This is a really lovely church, and should be on your must see list if visiting Monmouthshire.
The tower is unusual. It belongs to the period when the Welsh border was subject to sudden raids and the villagers might need to seek refuge at any time. The tower has five feet thick walls and is capped with a 'Dovecote' which in times of scarcity or danger could have housed pigeons as well as bells. The clock was installed in 1926.
Here are two views of the nave, the first looking east, the second west. The reading desk, visible to the left of the west facing view, has its front made from a piece of the old rood screen. It is pierced with tracery, one in the form of a cross. These carvings were 'Hagioscopes' or Squints which enabled the congregation to view the proceedings in the otherwise hidden chancel.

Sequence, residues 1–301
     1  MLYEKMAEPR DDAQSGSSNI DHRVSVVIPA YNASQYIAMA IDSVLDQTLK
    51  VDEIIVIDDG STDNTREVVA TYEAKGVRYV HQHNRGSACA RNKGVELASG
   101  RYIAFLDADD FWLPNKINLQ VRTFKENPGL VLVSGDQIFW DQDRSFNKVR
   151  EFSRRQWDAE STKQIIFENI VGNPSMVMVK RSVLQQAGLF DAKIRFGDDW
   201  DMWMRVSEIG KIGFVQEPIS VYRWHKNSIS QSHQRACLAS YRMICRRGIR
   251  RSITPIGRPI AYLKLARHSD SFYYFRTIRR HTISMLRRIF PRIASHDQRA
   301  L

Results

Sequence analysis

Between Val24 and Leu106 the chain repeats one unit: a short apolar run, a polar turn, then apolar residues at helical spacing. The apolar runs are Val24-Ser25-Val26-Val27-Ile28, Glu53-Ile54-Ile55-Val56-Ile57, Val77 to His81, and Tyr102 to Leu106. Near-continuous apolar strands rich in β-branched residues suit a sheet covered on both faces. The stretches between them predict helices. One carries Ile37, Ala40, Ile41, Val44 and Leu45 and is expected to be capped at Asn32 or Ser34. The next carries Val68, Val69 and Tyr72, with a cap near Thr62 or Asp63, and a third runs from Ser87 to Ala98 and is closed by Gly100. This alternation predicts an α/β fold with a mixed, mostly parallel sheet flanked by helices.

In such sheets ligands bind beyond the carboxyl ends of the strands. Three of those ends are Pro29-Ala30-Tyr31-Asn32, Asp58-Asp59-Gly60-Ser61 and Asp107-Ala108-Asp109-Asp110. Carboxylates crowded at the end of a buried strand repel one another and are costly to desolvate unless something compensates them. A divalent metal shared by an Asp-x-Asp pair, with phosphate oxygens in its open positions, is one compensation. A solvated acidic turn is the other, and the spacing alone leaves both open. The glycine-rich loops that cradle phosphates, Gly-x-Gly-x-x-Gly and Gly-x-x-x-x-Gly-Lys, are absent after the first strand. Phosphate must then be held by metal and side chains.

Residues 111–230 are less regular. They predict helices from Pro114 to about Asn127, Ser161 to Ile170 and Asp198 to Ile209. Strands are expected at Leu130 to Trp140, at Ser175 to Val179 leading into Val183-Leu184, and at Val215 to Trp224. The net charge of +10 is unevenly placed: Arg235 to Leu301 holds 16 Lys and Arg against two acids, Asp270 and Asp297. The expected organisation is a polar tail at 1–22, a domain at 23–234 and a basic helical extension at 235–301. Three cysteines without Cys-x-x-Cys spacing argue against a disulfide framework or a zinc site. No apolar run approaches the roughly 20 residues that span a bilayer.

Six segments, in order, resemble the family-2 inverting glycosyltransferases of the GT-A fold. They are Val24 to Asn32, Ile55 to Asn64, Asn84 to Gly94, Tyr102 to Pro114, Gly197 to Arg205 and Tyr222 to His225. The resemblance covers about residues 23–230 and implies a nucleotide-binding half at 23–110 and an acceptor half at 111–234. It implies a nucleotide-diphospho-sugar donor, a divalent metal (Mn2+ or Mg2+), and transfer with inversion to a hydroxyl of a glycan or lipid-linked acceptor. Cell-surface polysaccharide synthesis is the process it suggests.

Here are the reading desk, entrance door (within a door) from the south porch and the font.
The piscina dates from the 13th century and has a semicircular canopy, rather out of keeping with its date.
The tomb (below) is in the north aisle. It is the tomb of John Morgan and his wife Ann. John died at the Waen, his residence, in Skenfrith in 1557. He was Steward of the Dutchy of Lancaster and the last governor of the well known "Three Castles" (Grosmont, Skenfrith and White Castle). He was a member of parliament for the Monmouthshire Boroughs in 1553 and 1554.
Near the tomb is the Morgan Pew, carved in the Jacobean style and of the square shape used at that time.
The east window has been assembled from fragments of ancient glass which were recovered from the ground below various windows by a former vicar. They date from the 15th century. The rest of the windows are glazed with beautiful old crown glass.
This view of the church interior is taken from the south aisle, looking across the nave, into the north aisle. Note the picturesque oil lamps.
The final view of the church is from the north-east showing the chancel, north aisle and the top of the tower. The tower contains six bells, dating from 1764, which were re-hung in 1911. They were cast by Thomas Rudhall.
Visitors to this album since June 2003
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